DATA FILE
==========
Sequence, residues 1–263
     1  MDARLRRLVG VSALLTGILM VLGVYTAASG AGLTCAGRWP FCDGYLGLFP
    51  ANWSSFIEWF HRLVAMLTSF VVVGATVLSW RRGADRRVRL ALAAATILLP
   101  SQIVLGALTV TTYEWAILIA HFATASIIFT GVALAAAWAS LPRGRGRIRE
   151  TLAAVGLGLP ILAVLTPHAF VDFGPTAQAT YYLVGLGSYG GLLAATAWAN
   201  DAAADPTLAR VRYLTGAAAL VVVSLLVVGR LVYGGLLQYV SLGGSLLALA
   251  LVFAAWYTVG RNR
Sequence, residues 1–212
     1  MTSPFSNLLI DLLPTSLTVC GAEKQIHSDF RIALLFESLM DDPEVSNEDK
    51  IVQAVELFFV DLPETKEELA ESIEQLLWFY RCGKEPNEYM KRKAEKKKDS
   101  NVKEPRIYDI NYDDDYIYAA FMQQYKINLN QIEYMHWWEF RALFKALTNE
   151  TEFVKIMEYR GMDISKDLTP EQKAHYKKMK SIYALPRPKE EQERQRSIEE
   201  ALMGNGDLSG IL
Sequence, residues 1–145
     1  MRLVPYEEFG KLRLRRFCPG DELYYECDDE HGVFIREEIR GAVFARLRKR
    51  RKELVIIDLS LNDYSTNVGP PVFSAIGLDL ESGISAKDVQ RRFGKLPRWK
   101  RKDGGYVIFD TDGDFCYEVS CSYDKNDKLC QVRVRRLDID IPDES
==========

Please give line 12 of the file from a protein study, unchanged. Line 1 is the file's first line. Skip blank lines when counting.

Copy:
   151  TEFVKIMEYR GMDISKDLTP EQKAHYKKMK SIYALPRPKE EQERQRSIEE